Why You Should Stop Using Internet ExplorerPOSTED ON 27 January 2010 BY
On January 12, 2010 Google added a long-winded post to their blog titled, “A new approach to China.” In this blog post, Google details attacks made on “dozens of U.S.-, China- and Europe-based Gmail users who are advocates of human rights in China.” While I won’t go into the details about Google’s new approach to China, I will point out one detail that struck me as interesting. It has been found that an Internet Explorer malware vulnerability was used in the attack– particularly Internet Explorer 6.
You may be asking yourself why anyone still uses a browser released in 2001 when the most recent version of this browser (Internet Explorer 8 ) has been out since March of 2009. The main reason someone would still be using Internet Explorer 6 is because his or her company requires Internet Explorer 6 to run their customized Enterprise applications which, unfortunately, will only run on Internet Explorer 6.
Another interesting thing to note about the attacks is that even though Internet Explorer 6 was used in the attacks, Internet Explorer 7 and Internet Explorer 8 were vulnerable as well. Since the attacks, Microsoft has pushed fixes out to all Windows users with automatic updates turned on. Only one day after Microsoft issued the fix they are investigating newly found flaws in Internet Explorer.
With that being said, why wouldn’t you jump ship completely and go with a non-Microsoft browser, especially with all the advantages of switching to another browser?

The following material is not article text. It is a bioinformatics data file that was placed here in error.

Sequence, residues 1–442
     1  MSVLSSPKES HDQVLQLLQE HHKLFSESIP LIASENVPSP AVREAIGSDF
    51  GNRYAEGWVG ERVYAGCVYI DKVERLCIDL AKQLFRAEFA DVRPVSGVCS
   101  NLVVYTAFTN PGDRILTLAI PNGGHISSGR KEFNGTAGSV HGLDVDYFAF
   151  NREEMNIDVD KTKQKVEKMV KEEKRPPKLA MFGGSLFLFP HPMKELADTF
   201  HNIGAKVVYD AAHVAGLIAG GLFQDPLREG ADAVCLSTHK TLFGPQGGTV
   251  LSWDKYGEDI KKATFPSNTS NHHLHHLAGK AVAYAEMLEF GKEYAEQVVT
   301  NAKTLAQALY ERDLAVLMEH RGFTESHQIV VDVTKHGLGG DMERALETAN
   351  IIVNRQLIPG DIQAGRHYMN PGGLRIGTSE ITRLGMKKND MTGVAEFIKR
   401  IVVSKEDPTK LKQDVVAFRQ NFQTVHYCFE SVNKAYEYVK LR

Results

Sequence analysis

If you are a corporate user, you may rely on Microsoft Server or Microsoft Small Business Server to handle the inner workings of your networked computers and emails. The only way to get full functionality out of Microsoft Office Web Outlook Access and Microsoft Remote Web Workplace is to use a Microsoft browser (Internet Explorer).
However, if you are not using either of these applications and are still using Internet Explorer, why not enhance your browsing experience with added security, speed and more overall Web Standards compatibility? Here are some links to the browsers I would recommend:
As a Web Developer, I want to also note that you should always keep your browser up to date with the most recent patches. This will not only ensure that your browser is secure from attacks, but will also ensure that you are viewing content in the way that it was intended for you to see!
Brooks Bell is the industry's leading online conversion firm. We help large online retailers and subscriber-supported companies maximize their online sales funnel by testing and optimizing all points in the conversion path.
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